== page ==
Back Pain: Surgery Appears to be Superior to Exercise, Therapy

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The updated results of the Spine Patient Outcomes Research Trial (SPORT) appeared in the December 1 issue of Spine. This study added 2 additional year on to the previously published 2-year results of research that had found that spine surgery out performs nonsurgical interventions for patients with lumbar disk herniation. Spine surgery does so by providing more rapid and greater relief in back pain symptoms and a greater improvement in function.

SPORT compared outcomes of 1244 patients at 13 American spine clinics. Each patient had at least a 6-week history of a herniated disk in the lumbar spine causing back pain, leg pain, and other symptoms. Patients were assigned into two groups: one group received either surgery (standard open diskectomy) and the other group received nonsurgical treatments (included at least active physical therapy, counseling with home exercise instruction, and nonsteroidal anti-inflammatory drugs if tolerated).

When asked for comment on these new findings from SPORT, James Bean, MD, president of the American Association of Neurological Surgeons, said "They've held up for 4 years, they've correctly identified the flaw in the reasoning, and I think it's a well-done paper. I agree with everything that was concluded."

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Surgery does not get patients back to work faster than nonoperative approaches. Work status is often seen as an important measure of success in spine-surgery patients. The study authors note "However, return to work appears to be independent of treatment received and does not follow improvements in pain, function, or satisfaction with treatment."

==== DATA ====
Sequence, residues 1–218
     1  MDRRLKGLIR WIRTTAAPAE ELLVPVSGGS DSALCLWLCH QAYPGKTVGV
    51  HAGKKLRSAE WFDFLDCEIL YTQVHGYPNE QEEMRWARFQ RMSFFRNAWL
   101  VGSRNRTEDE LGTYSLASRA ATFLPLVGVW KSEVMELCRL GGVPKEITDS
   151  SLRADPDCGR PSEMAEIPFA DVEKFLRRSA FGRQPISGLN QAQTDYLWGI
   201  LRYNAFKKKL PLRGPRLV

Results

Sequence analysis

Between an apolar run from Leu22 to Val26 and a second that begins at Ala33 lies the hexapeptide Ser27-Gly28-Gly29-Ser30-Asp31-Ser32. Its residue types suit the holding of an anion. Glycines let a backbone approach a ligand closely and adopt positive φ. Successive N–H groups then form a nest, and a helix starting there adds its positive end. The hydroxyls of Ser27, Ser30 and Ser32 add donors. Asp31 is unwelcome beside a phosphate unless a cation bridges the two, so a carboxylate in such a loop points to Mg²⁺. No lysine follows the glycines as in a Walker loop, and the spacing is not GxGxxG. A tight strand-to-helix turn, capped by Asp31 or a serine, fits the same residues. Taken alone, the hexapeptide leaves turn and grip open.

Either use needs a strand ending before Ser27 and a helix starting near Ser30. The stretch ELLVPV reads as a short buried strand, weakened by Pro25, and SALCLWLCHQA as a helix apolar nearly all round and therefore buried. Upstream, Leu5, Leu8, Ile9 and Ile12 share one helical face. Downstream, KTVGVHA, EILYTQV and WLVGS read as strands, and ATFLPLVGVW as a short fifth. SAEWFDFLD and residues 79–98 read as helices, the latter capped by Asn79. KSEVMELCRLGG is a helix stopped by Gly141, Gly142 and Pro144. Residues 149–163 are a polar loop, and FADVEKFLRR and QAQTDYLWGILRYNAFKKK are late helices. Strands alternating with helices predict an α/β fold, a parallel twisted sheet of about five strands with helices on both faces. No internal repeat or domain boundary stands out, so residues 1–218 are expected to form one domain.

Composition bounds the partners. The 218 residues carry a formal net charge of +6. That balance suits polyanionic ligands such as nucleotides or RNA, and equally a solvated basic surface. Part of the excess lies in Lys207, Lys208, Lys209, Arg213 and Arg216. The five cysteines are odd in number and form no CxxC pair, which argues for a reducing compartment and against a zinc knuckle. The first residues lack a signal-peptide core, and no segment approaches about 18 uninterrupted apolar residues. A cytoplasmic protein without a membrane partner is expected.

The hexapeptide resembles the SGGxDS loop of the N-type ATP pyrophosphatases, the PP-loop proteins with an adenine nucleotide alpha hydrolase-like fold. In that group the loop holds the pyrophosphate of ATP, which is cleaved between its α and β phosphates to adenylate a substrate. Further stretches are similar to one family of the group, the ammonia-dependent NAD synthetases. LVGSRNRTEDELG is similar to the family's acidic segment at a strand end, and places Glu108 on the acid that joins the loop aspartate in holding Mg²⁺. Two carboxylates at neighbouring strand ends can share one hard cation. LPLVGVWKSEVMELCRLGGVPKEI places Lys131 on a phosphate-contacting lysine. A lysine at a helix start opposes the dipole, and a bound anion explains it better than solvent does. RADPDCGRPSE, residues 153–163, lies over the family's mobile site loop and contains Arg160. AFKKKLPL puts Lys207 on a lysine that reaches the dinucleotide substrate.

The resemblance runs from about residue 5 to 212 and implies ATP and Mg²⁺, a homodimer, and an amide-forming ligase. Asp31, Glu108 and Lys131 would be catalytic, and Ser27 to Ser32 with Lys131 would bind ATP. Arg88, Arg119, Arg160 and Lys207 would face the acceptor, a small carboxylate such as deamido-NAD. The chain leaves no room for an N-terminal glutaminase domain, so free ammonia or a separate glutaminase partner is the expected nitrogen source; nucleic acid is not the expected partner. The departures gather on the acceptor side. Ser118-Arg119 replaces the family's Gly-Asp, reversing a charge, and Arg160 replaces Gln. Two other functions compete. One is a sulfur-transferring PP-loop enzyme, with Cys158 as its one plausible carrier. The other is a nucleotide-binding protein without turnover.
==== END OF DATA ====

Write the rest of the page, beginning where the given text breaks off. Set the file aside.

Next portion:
It is important to note that all patients in the study improved. Patients who don't want an operation, who are willing to do the physical therapy, home exercises, and anti-inflammatory drugs will improve.

It is estimated that up to 80% of Americans will be affected by back pain at some point in their life. The estimated cost of back pain care - including surgical and nonsurgical interventions - is about $100 billion a year.

There is mounting evidence that surgery might be more cost-effective than non-surgical treatment for back pain. This will need to be looked at over a longer period of time than 2 yr or 4 yrs to be sure.

Sources
Medscape News
Spine. 2008;33:2789-2800. Abstract
Ann Intern Med. 2008;149:845-853 Abstract, 901-903. Abstract

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